I think I’ve read quite a fair chunk of the Bible. I went to one of those primary schools where we were encouraged to commit scripture to memory. On every third or so page of our workbooks, we were met by a piece of scripture with bits missing for us to fill in, presumably to forever etch the passage into our memories. But that was long ago and I think I used invisible ink to do my etching. So for a while, actually since yesterday, I’ve been racking my brain to remember if there are any passages in the Bible that give any clues to the location of God’s Achilles heel. ‘Cause Homeyboy is, like, omnipotent. More on this now now.
Let’s talk technology first. Its advances have shortened the time it takes for us to communicate and expanded the audiences we reach. The distances between people is decreasing as a result, and we are now more than ever privy to each others personal thoughts. I don’t know about you but that I find exciting. It’s not only my inner voyeur that’s titillated. It’s also the part of me that firmly believes that the more we know about each other, the more we know about ourselves and the more tolerant we become of our differences. Like one big dysfunctional family.
Woolworths yesterday, no doubt, had a full taste of what it means to be part of dysfunctional family when it forgot about it’s country cousins (and I mean that non-pejoratively). Sara Britten gave the most balanced take on the whole thing and says, “Finally, and most importantly, is the point that none of this should ever have happened in the first place.” But it did. Woolworths took on God and lost, all of this despite the fact that they made what seemed a reasonable business decision. I think even the big Guy would have been chuffed that the decision could have ultimately trickled down to an increase in tithes. Bigger Woolies profits, bigger salaries and bonuses, and (I think I make a reasonablish leap here) increased tithes.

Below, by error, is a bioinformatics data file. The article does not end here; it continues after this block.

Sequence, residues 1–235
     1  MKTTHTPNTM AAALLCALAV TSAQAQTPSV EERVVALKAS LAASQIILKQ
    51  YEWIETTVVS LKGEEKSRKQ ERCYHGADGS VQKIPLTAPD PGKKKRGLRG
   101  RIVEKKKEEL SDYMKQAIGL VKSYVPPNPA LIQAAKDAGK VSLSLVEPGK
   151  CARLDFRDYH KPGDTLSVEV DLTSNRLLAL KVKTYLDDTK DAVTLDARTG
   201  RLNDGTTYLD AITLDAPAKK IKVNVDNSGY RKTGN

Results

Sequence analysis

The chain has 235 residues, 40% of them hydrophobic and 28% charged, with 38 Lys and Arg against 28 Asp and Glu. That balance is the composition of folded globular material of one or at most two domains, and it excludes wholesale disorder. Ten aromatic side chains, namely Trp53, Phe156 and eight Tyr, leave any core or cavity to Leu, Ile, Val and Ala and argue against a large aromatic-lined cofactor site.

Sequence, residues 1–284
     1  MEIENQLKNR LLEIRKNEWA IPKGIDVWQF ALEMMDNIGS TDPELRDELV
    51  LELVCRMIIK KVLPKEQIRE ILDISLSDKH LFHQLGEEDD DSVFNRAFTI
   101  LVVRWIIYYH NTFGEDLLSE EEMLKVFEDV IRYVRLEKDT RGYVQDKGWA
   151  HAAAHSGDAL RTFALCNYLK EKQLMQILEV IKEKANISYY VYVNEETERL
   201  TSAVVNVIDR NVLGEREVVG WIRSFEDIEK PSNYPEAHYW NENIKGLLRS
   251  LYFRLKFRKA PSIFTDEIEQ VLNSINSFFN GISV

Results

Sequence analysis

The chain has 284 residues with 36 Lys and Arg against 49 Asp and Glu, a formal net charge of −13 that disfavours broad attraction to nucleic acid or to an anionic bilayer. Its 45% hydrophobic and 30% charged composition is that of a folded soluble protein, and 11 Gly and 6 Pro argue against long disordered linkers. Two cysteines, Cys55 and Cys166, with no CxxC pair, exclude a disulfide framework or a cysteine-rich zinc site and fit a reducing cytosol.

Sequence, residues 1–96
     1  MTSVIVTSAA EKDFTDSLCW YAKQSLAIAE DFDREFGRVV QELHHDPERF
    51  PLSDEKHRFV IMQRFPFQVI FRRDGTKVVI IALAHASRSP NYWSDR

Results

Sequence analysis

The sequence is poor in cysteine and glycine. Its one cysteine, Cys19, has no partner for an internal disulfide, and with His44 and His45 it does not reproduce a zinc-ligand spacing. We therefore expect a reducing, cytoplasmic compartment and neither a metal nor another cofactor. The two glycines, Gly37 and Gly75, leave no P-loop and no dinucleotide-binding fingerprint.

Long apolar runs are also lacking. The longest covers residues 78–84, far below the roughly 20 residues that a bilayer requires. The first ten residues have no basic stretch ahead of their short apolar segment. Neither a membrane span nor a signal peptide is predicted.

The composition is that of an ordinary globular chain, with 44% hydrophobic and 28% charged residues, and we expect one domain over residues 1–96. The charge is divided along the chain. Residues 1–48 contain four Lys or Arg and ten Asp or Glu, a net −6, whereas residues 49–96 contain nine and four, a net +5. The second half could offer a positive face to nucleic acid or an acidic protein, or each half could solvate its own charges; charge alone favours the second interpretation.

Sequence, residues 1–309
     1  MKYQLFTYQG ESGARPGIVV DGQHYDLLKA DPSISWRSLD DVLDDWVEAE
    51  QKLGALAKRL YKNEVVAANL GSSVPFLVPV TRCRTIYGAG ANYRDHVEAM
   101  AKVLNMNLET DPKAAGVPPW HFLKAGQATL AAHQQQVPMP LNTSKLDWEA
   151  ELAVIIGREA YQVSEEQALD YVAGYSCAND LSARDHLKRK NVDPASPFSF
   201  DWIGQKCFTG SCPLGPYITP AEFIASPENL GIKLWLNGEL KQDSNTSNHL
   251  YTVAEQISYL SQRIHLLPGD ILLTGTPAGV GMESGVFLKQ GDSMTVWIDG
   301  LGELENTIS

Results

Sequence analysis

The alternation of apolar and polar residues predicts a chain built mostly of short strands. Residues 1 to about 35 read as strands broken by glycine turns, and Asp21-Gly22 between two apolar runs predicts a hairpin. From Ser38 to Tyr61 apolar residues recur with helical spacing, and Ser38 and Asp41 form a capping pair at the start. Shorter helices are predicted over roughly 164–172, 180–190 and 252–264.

But no. PR mishaps aside (because seriously, they made no difference to the end result), as with all the others who took on God, Woolies got pwned. I took a pencil and scratched over the invisible ink and pulled out some legendary biblical cases of X and others v G-totha-od from the recesses of my mind. Mind you, the years have done nothing for the quality so excuse any lack of depth in the interpretation:
Adam and Eve v The Creator? Pwned. Eves of today still side eye their great (to infinity) grandmama and all of us today are aware of the shamefulness of our nakedness. Egypt v The Burning Bush. Pwned. The sinfully delightful S&D v G-o-d. Pwned. Johan v The Whale. Pwned. Walls of Jerico v The Trumpet. Pwned. Goliath v…well you get the picture.
The title of this post is then perhaps a misnomer. See I’ve been asking myself about His Achilles heel because the big Guy’s omnipotence is such that none who challenge him ever win, ever. Not that old time favourite grunge band Darwin and the evolutionists. Not those who oppose the Catholic church’s archaic views. Certainly not Woolies.
The title of this post is a misnomer not because I haven’t provided the said walkthrough on how to pwn Him. It’s a misnomer because it isn’t about God and Christianity. It’s about all things that makes us different from one another that have come to the fore as the distance between each of us shrinks to 140 characters. It’s about how we choose to respond to this new found closeness. Do we see that despite all the differences, when it comes down to it, each of us, as family members, are not that insufferable. That’s how you take on differences and win. Just say, “Meh, he’s my eccentric cousin.”
That’s all good and airy fairy, I hear you say, but what does this have to do with the case of Woolies v God? Nothing. Everything.
Anyway, I bet I’m gonna get smited for writing this post playing loose and fast with Homeboy’s name. I’m not a card carrying Christian, not any more, but I haven’t rejected the faith outright. I’ve just embraced others’ otherness in that pursuit of knowing more to tolerate more. So when I ask this, please take the question from where it comes. Where in the Constitution does it talk about the separation of church and shopping?